A lot of area cattlemen are talking about last week’s Nevada stand-off between rancher Cliven Bundy and the federal Bureau of Land Management over access to decades-old grazing lands and related fees.
The federal agency is claiming Bundy owes money for cattle grazing. Bundy points to the Constitution and prescriptive rights that limit the federal government’s authority.
The dispute led to an armed showdown.
In the wake of the federal agency’s decision to back down, local cattlemen are asking could the same thing happen here.
Area ranchers have long been concerned about federal and state agencies usurping authority over longtime grazing lands in Okanogan and Ferry Counties in the name of so-called endangered species. They say they’ve also been challenged by over-regulation in the name of salmon, steelhead, lynx, deer, habitat restoration and most recently, wolves.
State and federal agencies, joined by non-local environmental groups, claim they need to regulate land use in Okanogan and Ferry Counties to prevent destruction of natural resources and enhance wildlife habitat.
The local division is a mirror image of the situation in Nevada.
Area cattlemen point to the federal Bonneville Power Administration’s use of ratepayer money to buy land and donate it to the Colville tribe for “creation” of fish habitat where none previously existed. They point to state and federal agencies’ increasingly “closed” policies for grazing and other activities. And they point to the undue influence non-local organizations have on curtailing land uses employed here for more than 100 years.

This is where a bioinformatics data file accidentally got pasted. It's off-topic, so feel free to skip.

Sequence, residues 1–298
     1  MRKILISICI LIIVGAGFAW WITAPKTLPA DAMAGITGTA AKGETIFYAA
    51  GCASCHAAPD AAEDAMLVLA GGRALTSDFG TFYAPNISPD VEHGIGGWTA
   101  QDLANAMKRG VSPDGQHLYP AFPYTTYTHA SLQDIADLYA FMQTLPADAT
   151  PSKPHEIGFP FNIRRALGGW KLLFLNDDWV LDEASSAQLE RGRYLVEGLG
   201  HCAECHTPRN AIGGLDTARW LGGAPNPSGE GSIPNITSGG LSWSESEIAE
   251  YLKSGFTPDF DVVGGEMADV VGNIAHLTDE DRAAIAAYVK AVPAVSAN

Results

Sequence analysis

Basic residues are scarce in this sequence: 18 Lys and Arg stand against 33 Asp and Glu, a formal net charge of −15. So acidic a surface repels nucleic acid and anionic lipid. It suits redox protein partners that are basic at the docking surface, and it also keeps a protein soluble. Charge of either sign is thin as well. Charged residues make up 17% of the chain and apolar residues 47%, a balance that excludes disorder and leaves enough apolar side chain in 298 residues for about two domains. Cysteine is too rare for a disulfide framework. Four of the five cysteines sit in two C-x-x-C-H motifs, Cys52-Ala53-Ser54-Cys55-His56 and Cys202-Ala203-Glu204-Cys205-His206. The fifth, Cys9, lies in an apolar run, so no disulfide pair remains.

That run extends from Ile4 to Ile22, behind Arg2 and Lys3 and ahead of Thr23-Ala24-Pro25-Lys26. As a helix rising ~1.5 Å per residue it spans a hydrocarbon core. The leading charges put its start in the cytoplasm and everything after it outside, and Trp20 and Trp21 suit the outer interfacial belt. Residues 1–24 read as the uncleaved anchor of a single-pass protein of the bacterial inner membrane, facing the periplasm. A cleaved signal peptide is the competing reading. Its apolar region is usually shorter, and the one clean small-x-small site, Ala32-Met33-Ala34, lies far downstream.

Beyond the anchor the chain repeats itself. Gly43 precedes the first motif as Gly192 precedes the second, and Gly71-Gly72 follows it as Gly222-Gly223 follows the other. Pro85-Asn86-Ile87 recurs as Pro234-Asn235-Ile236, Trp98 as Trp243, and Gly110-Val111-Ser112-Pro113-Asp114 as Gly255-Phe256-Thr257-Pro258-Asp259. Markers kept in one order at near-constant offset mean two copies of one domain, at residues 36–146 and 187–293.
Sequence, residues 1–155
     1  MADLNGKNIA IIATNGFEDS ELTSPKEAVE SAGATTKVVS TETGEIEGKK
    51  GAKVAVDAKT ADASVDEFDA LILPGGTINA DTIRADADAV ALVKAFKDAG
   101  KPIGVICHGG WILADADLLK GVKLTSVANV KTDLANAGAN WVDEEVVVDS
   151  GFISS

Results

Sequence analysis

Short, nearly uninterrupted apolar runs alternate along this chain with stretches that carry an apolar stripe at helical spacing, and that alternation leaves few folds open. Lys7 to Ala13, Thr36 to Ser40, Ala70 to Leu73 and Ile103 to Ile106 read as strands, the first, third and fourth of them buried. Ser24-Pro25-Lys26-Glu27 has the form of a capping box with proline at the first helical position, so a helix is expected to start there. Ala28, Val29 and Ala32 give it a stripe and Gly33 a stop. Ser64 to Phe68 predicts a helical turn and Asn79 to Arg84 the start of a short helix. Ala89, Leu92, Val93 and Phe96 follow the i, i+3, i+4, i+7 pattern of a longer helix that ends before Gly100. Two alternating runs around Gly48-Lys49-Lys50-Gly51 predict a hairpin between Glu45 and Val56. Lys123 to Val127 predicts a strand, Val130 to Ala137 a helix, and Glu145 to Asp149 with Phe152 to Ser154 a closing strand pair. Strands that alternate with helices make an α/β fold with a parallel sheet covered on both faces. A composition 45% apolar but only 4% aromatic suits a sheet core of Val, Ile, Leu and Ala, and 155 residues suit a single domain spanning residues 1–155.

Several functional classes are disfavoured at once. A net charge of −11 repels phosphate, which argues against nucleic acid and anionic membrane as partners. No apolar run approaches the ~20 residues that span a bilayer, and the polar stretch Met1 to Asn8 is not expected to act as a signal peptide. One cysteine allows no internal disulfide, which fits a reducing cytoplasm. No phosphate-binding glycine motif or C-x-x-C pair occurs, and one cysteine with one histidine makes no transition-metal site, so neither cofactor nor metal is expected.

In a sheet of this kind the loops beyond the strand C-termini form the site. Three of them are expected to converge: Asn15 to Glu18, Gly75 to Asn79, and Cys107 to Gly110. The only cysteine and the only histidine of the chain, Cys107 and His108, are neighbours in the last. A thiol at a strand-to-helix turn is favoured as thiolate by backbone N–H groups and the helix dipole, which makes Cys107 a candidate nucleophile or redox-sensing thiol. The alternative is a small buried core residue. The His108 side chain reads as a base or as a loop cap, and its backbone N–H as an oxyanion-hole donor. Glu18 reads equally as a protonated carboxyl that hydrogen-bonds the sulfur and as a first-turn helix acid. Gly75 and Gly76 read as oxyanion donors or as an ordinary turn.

Local cattleman have previously claimed the state Department of Fish and Wildlife has used strong-arm tactics to force them into unbearable regulatory compliance. Of course, the state denies the allegations and says its only following laws set forth by elected officials.
To avert a similar stand-off from occurring here, state and federal officials should work with local agencies and cattlemen to establish a common-sense approach for land management.
The approach needs to take into account more than just fish and wildlife. It also needs to take into consideration long-time land uses, economic impacts and the impact on the local families that live, work and recreate on the land here.